In previous years we used to spend our summers here and during my early days I lived in this atmosphere of beautiful paintings and objects of art. When subsequently, in mature age, I visited the galleries of Europe, I realized that fate had ordained me, since childhood, to live in a real art museum, the various treasures of which had the additional importance of being objects intimately connected with our family traditions. All these dear and beloved paintings, books and collections were not only my teachers but also my friends, departed now, but never forgotten.

Though my vocation has always been art and natural science, I graduated in law, and as was the custom in certain classics in Russia, I joined the government service, passing from district courts to the Senate where I was Assistant Secretary General to the Imperial Court, where I had been appointed in 1911, as Gentleman-In-Waiting to the Emperor, and, at the time of the Revolution, I was elected District Marshall of Nobility.
But my official occupation fortunately always gave me ample leisure for art and travels. My paintings were first admitted to public exhibition in Moscow in 1904, before I had reached the age of twenty, and since them they have been on exhibition in both capitals, Moscow and St. Petersburg, most often with the Society of Moscow Artists and the Academy of Fine Arts. Voyaging about the world brought me in contact again, at a mature age, with the magic and charm of Asiatic art.

It was a true inspiration to admire the glories of India--Buddhist, Hindu and Mohammedan--the phantasmagoric temples of South India, the grace and abstract perfection of Mogul art, fascinating mystery and profound symbolism of Tibetan banners in remote lamaseries. I am inclined equally to treasure the enigmatical, terse laconism of the early Chinese portrait painters, the calligraphic refinement of a court painter of a Shah-Takmasp or a Shah-Jehan, or the devout pictorial prayer of a nameless monk in a forgotten monastery.
The tropical lands in the Old and New Worlds— Ceylon; later, the West Indies, have
disclosed the wonders of color in exuberant vegetation that transcend all regular limits of landscape composition in temperate zones. The primitive art of modern natives presents an interesting tribute of naïve interpretation of the luxury and overwhelming power of surrounding Nature.

Having come in touch with a great variety of artistic traditions, during my travels around the
World, I always experience a delight in plunging into different cycles of conceptions of beauty, and now I feel that my inclinations are decidedly divided between different schools, even different cultures.
Perhaps these tendencies may seem paradoxical, but for me they preserve the intimate interconnection, like different sounds forming one chord. It would be difficult to express, briefly and explicitly, my artistic credo from the point of view of my sympathies with accepted and known schools, but its closest formula would include early Italian and Flemish Renaissance of scarcely later than the Quattro Centro, ancient Russian Icon paintings and Indo-Persian miniatures.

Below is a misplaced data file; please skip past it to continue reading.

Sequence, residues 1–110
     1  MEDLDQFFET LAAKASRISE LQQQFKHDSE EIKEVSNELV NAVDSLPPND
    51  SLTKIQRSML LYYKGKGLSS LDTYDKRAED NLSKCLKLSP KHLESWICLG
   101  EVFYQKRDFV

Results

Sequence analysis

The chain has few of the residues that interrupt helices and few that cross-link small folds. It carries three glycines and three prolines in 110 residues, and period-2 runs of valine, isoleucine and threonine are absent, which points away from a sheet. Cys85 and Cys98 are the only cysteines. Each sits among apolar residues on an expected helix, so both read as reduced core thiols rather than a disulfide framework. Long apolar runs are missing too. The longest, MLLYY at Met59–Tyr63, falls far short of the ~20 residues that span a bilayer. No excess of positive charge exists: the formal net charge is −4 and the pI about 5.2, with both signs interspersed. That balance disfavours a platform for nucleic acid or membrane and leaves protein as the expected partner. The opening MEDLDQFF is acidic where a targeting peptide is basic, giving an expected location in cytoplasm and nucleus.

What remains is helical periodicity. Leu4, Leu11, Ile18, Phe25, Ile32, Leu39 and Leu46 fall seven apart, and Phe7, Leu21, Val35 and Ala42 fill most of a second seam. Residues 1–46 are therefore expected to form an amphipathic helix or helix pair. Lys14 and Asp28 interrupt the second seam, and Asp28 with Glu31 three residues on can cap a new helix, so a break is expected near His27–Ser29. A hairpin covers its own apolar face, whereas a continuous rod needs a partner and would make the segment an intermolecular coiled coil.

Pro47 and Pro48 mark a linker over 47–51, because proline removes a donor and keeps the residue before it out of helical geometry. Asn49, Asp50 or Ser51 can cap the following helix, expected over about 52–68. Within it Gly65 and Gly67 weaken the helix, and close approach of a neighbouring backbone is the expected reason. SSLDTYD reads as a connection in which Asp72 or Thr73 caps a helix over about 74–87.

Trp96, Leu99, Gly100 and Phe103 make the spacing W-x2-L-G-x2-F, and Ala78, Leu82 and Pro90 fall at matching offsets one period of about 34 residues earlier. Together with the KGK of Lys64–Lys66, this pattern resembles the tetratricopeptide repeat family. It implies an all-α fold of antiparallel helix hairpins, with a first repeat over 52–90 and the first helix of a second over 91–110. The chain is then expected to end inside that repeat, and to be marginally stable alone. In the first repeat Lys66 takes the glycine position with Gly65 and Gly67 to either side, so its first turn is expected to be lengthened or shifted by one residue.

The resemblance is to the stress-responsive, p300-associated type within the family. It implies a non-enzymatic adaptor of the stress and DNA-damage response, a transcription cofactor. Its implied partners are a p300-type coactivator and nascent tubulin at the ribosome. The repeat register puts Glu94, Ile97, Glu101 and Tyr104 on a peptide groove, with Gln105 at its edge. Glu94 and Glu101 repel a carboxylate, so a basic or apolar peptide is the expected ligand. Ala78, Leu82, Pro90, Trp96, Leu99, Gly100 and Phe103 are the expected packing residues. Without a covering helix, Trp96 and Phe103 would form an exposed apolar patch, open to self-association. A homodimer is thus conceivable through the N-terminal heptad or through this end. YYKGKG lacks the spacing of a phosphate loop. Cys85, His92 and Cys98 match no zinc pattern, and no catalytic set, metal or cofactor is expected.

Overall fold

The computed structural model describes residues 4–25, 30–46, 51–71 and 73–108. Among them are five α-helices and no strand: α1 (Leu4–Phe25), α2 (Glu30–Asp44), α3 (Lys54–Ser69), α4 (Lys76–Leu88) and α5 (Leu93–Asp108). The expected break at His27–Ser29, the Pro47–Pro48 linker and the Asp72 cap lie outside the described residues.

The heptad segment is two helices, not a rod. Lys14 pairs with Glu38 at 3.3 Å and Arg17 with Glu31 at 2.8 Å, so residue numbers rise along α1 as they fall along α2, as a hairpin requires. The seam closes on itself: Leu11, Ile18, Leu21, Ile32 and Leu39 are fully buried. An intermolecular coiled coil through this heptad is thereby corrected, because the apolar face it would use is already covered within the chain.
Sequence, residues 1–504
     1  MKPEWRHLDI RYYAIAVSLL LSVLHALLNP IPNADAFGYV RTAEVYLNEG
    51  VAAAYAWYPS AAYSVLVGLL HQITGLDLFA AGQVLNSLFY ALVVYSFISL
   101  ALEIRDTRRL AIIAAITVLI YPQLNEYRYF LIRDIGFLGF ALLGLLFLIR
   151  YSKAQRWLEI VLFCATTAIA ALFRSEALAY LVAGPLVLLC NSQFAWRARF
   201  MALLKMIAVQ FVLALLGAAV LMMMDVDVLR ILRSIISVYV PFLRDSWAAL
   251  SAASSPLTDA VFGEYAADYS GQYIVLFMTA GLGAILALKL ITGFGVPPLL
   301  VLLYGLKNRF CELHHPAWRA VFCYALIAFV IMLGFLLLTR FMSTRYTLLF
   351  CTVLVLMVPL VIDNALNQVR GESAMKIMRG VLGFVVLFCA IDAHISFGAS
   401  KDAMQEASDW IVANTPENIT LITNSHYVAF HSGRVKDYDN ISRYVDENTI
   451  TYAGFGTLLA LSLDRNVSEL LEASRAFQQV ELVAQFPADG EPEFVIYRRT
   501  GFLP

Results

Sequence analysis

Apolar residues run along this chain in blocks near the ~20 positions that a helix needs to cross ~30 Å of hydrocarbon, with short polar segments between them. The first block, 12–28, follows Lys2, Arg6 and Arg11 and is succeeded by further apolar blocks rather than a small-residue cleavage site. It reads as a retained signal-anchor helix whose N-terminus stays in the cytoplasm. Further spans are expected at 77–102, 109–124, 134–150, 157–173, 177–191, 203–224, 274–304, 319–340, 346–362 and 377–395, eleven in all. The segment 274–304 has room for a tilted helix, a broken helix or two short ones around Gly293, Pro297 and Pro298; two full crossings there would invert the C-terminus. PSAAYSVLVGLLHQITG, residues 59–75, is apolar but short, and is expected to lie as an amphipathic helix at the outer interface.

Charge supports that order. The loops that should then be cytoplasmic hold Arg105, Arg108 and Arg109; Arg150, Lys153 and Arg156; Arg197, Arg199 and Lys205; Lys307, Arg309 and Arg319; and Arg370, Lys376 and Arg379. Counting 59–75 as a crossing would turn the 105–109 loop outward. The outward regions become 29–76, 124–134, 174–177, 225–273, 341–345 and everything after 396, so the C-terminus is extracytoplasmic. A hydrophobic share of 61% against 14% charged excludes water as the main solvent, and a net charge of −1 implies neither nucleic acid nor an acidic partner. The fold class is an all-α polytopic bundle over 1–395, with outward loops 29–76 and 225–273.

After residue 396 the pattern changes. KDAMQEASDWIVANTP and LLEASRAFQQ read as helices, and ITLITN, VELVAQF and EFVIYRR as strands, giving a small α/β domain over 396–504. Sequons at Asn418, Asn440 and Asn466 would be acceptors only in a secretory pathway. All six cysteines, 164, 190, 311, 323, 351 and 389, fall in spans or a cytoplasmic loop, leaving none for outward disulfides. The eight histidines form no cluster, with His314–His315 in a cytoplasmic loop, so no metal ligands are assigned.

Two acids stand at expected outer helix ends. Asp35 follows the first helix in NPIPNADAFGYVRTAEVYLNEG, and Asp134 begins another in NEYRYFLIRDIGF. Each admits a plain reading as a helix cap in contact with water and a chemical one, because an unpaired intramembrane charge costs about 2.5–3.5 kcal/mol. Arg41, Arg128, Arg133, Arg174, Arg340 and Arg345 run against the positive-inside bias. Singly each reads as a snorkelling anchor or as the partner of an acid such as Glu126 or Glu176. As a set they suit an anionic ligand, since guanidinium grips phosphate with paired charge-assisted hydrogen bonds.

The early Tibetan art also commands, in a way, may very great admiration. The archaic Greek arts conception has a great fascination for me. In the modern schools, which leave me cold in comparison with the magnificent achievement of a more spiritual past, I am interested naively in some novel ways of treating luminosities, spectral problems, transparencies and superimposed prismatic reflections, so frequent on the iridescent butterfly wings.

A loyalty to artistic traditions, a feeling of appropriateness of various forms and style to particular subjects, and a knowledge of draftsmanship are the best assets, in my opinion, to a free personal expression. Moods, prompted by certain pictorial problems, should freely and easily dictate the corresponding form of expression, blending them out of their sympathetic components and molding them into one indivisible entity.
It is like the perfect knowledge of all the shades of meanings of words, the understanding of rules of correct phrase construction and the feeling for character in language, which permits us to use it to the best advantage in expressing our innermost personality.
An artist, in order to be free, should worship craftsmanship and should lovingly cultivate the vehicle of his expression in all the varied forms of his fancy.

With all due respect to the correctness of drawing in cases of realistic painting, I feel more and more of call toward symbolic and allegorical paintings.
The grand visions, contained in many sacred scriptures, are a source of the most inspiring admiration, and if I will be able to dedicate myself to the pictorial interpretation of some of these in the modest limits of my ability, I would consider my vocation fulfilled.

Painting should remain a sign—it is by its very nature: symbol.
It should be, in its true achievement, a relation of significances—an apocalypse in colors and forms.
Mathematical harmonies and musical laws are akin to it. The metaphysical is within its reach.
The styles are part of the form and thus are an intrinsic element of the subject, since to disclose it in a visual, graphical or chromatic form is the purpose of painting.
Our ecstasies, before the multifarious glories of the beautiful, are anchored in an intuitive consciousness of s supreme unity.
The work of an artist should be a sacrifice of Devotion and Tribute of admiration to the creator, as a dewdrop reflects the sun and shines with a small spark of a heavenly rainbow.

| |

Essays on Nature by Andrey Avinoff
| |

Contact the Andrey Avinoff Foundation by email: